Wauconda company helps improve education in Madagascar
You can't go wrong with vanilla. It makes anything -- from ice cream to soda drinks -- taste better.
But it's also vanilla that's driving a Wauconda-based company to make life better for children half a world away.
Synergy Flavors, a global manufacturer of flavors and extracts for the food and beverage industry, is building two new schools in Madagascar. The schools, being built in the towns of Antsirabe Nord and Menagisa, will add to four others the company has already built through a partnership with the local Madagascar Development Fund.
The island country off the east coast of Africa is the world's largest producer of vanilla, and Synergy has been obtaining flavor extract there since 1911, according to President and CEO Rod Sowders. He said the company's presence over the years has led it to become more involved in improving the lives of the Malagasy people.
"In this area of the world, a widespread shortage of materials and access to secondary schooling continue to be challenges," Sowders said. "This initiative is a way for Synergy Flavors to give back to the underserved community of vanilla growers and processors who have been at the heart of our success for decades."
Sowders said the need for new schools was highlighted when he met Brian Donaldson, a former British ambassador to Madagascar and patron of the Madagascar Development Fund, during his travels to the country.
"He was actively highlighting the need for corporations to become involved in key projects, such as schools, clinics and fresh water," Sowders said. "I saw the need for educational opportunities to be improved, as a way for future generations to lift themselves out of poverty."
The Madagascar Development Fund is focused on improving the quality of life in the country through projects, such as installing clean water systems and building and providing access to health centers and primary schools.
School attendance in Madagascar is the third lowest in the world, behind only Haiti and Afghanistan, according to the United Nations Development Program. Donaldson added the conditions that exist in most primary schools in Madagascar discourage parents from sending their children to school.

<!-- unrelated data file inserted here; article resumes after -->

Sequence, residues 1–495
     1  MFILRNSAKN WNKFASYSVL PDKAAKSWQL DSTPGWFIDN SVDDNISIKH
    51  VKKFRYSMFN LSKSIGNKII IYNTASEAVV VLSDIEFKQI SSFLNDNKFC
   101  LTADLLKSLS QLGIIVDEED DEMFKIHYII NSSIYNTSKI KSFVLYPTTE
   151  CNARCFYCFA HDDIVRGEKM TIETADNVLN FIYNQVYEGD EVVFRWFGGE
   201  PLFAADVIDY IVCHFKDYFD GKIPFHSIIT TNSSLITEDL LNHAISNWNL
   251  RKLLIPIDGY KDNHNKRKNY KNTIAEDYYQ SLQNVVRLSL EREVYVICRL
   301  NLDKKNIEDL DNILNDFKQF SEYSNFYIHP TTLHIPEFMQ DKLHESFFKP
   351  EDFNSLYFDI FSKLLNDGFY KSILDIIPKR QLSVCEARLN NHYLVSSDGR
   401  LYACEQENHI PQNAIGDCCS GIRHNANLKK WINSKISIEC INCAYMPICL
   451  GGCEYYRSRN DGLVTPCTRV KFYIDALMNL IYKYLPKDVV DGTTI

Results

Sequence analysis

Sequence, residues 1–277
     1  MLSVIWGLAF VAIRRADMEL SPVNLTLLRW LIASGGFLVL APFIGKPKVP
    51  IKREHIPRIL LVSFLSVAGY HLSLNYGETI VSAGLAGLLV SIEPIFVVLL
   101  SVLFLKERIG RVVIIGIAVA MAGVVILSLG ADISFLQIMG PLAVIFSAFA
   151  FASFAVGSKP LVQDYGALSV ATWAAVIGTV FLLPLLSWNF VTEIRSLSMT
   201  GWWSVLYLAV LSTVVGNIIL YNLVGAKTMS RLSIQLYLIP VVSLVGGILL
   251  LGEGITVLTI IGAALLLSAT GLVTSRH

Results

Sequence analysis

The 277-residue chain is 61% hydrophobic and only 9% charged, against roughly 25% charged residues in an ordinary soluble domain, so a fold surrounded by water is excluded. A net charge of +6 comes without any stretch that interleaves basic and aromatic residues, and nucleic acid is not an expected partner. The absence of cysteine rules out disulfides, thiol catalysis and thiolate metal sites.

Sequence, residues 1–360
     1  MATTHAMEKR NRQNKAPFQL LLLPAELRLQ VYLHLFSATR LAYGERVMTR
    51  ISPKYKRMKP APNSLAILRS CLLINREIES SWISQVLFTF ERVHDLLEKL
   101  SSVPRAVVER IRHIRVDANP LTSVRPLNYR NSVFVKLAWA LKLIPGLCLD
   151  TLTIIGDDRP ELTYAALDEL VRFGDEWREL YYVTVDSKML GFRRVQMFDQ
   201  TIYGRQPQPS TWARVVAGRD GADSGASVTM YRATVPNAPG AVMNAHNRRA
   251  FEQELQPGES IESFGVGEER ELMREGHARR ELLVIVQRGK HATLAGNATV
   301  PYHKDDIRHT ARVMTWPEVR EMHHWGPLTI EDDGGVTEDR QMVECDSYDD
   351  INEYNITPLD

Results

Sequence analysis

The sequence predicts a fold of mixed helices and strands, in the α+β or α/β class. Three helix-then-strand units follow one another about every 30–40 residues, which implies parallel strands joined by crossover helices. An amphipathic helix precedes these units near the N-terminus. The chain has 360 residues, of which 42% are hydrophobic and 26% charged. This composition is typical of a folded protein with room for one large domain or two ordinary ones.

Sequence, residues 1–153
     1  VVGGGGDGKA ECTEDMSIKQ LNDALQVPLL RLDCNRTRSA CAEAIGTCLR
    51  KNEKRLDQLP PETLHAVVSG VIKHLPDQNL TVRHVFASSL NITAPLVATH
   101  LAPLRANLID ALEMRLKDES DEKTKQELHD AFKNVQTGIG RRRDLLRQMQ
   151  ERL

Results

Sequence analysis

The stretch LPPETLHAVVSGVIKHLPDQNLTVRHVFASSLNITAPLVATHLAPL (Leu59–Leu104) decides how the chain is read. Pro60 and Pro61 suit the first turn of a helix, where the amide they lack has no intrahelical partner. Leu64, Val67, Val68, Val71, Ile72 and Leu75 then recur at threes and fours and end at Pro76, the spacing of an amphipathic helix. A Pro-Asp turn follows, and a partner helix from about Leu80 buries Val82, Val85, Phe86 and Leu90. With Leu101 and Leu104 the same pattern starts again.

"Thanks to Synergy Flavors and the six primary schools they have built so far, 2,622 children are now able to study in decent and acceptable conditions," Donaldson said.
"They (and their teachers) are relieved of the worry and distress of leaking roofs, flooded, muddy classrooms or being sent home whenever it rains. And Synergy Flavors is helping to improve these children's future employment prospects, giving them the real possibility of a better, more prosperous future."
The two new schools will be completed and opened later this year. In 2016, Synergy Flavors completed construction of two schools near Sambava, and two facilities were built last year in Antohomaro and Farahalana to replace schools that were destroyed by a cyclone.
Sowders notes the efforts are part of Synergy Flavors' corporate social responsibility initiatives.
"We continue to evaluate other projects within Madagascar, and in other key areas around the globe, and hope to have more specific plans announced later in the year," he said.
Still flying after 40 years
Happy 40th anniversary to private jet charter and jet aircraft management company N-Jet, based at Chicago Executive Airport in Wheeling.
The company traces its origin to 1979, when the Northern Illinois Flying Club was formed with one Cessna aircraft at a small grass strip on the Wisconsin-Illinois border. More and larger aircraft joined the club in the early years and NIFC moved to Lake in the Hills Airport to accommodate the growth. In the mid '80s, the name was changed to Northern Illinois Flight Center, keeping its original initials.
NIFC provides maintenance, flight school and private aircraft charter services. The company moved to Chicago Executive Airport in 2002, where N-Jet has a maintenance facility for its fleet and other operators.
Congratulations to Denise Cade, senior vice president, general counsel and corporate secretary of IDEX Corp., who was recently named to Black Enterprise magazine's 2019 Most Powerful Women in Business list.
Cade joined Lake Forest-based IDEX in 2015 from SunCoke Energy, where she was senior vice president, general counsel, corporate secretary and chief compliance officer. Prior to SunCoke, she worked for PPG Industries in Pittsburgh in several roles, including general counsel of the Glass and Fiber Glass Division, chief mergers and acquisitions counsel, and chief securities and finance counsel.
In addition to her work with IDEX, Cade devotes time to organizations that prioritize the professional development and advancement of women and people of color, including The Chicago Network, where she serves on the board of directors, The Executive Leadership Council, The Executives' Club of Chicago, and the Georgetown Law Alumni Board.